Studies have estimated that more than 70 percent of current nonprofit executive directors plan to retire in the next five to ten years. Do you have the skills necessary to fill this leadership vacuum? Are you an aspiring executive director? Are you prepared for the transition to executive leader? Do you want to know what to expect moving up to the corner office?
Successfully transition to the corner office!
Moving Up to Executive Director: Lessons Learned from My First 365 Days is written for anyone who wants to become an executive director, understand what it takes to transition into an executive leadership position, or become better prepared to handle executive responsibilities.
Becoming an executive director is a huge transition. To succeed, you must rely on your experiences, strengths, and expertise. In addition, you must learn new skills, engage in new behaviors, work well with other people, know your leadership style and be aware of your strengths and weaknesses. Be honest. Nonprofit executive leadership requires a lot. It is an all-encompassing job.
Moving Up to Executive Director will help you:
- Understand the complex nature of nonprofit executive leadership
- Identify the skills and characteristics of successful executive directors
- Gain insight into the unique obligations nonprofit executive directors face
- Manage multiple priorities
- Prepare for the transition to your role as executive leader
- Anticipate challenges inherent in your first year as executive director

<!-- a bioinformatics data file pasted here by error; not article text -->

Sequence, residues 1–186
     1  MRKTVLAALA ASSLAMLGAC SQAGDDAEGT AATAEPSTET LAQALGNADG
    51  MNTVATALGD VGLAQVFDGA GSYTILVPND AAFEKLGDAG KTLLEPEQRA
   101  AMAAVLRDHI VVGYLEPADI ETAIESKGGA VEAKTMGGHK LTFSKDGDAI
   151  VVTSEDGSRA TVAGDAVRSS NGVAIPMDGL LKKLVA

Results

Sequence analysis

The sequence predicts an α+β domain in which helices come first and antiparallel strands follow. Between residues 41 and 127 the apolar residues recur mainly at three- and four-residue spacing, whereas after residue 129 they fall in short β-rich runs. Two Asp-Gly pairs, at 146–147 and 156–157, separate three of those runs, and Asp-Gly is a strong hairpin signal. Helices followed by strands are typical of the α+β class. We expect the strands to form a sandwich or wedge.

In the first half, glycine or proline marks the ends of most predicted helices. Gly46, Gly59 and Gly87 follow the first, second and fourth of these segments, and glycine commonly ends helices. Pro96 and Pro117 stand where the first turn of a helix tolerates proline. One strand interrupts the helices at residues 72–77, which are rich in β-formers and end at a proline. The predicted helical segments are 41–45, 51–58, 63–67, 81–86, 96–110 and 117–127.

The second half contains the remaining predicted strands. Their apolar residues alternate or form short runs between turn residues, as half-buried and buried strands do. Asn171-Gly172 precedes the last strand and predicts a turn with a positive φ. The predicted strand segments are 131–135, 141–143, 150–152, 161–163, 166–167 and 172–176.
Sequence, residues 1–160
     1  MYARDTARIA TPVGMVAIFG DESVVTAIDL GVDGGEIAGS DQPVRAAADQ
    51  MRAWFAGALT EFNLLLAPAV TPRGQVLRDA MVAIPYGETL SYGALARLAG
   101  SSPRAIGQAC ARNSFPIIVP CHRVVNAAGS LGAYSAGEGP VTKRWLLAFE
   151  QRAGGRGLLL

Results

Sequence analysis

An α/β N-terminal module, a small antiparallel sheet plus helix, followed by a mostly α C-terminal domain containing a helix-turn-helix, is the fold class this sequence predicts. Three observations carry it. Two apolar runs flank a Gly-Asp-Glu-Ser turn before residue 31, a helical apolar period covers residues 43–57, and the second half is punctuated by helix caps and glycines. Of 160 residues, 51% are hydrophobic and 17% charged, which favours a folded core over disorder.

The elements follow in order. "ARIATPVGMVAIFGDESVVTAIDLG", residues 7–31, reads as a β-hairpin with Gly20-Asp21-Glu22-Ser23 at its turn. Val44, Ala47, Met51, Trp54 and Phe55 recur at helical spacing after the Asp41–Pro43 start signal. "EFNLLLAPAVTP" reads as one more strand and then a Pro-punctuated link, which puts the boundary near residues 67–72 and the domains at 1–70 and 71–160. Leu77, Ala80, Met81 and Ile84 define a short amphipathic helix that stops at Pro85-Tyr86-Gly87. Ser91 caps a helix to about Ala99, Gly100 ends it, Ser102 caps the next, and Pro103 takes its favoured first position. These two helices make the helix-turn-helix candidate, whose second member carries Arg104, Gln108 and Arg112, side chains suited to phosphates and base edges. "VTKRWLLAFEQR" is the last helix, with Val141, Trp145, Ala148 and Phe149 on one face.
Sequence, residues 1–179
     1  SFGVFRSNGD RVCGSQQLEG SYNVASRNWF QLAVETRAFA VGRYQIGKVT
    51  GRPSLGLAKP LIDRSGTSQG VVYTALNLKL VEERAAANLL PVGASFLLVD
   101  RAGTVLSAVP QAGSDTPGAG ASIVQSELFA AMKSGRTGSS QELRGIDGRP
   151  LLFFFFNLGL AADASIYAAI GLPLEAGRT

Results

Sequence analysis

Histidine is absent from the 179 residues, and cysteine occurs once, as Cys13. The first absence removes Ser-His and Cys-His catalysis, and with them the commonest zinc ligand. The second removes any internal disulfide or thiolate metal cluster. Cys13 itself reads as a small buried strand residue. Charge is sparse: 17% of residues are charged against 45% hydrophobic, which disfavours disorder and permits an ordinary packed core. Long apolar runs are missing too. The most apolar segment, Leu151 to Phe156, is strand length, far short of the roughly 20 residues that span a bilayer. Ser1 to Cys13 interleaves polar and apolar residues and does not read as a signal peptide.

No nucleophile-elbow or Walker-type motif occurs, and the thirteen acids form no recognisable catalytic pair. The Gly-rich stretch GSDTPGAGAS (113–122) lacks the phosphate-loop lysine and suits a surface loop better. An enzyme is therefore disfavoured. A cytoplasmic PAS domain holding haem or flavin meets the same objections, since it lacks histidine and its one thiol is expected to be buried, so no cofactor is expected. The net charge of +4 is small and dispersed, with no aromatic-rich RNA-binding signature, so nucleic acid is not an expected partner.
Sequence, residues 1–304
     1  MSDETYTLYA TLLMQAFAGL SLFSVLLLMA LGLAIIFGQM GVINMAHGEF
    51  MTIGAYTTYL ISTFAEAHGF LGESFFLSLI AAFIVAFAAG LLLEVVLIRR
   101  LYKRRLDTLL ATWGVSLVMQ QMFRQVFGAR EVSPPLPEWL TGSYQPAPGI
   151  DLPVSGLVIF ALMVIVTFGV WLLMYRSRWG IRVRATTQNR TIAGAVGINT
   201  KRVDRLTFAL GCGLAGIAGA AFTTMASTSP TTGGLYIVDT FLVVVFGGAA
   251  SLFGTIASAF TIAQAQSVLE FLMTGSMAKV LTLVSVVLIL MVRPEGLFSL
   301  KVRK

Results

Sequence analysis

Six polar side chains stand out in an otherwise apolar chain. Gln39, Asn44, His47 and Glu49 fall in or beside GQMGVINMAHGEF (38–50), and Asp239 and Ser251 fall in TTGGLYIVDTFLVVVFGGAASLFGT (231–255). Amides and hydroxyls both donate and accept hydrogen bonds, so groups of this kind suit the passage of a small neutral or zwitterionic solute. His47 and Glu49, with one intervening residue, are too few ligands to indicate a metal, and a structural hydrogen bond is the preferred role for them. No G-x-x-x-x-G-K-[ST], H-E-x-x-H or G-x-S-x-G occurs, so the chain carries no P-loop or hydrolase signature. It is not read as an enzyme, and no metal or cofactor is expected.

Being an executive director is a big job. You must be proficient in leadership, finance, operations, technology, human resources, resource development, staff development, volunteer management, marketing, and strategic planning. You must have good communication skills, build teams and foster their development, collaborate with others, be insightful, have a high degree of integrity, and share your leadership.
Joanne Oppelt, though an experienced nonprofit practitioner and university professor, finished writing Moving Up to Executive Director right after completing her first year as an executive director—providing an “in the trenches” perspective that is both fresh and relevant. This is an honest book: Joanne candidly admits that, though she was ready for most of the challenges she faced in her first year, she wasn’t ready for all. But she learned, and in learning, she’s lighting the path for her peers who are moving up into the executive director role.
It is a must-read for anyone aspiring to nonprofit executive leadership.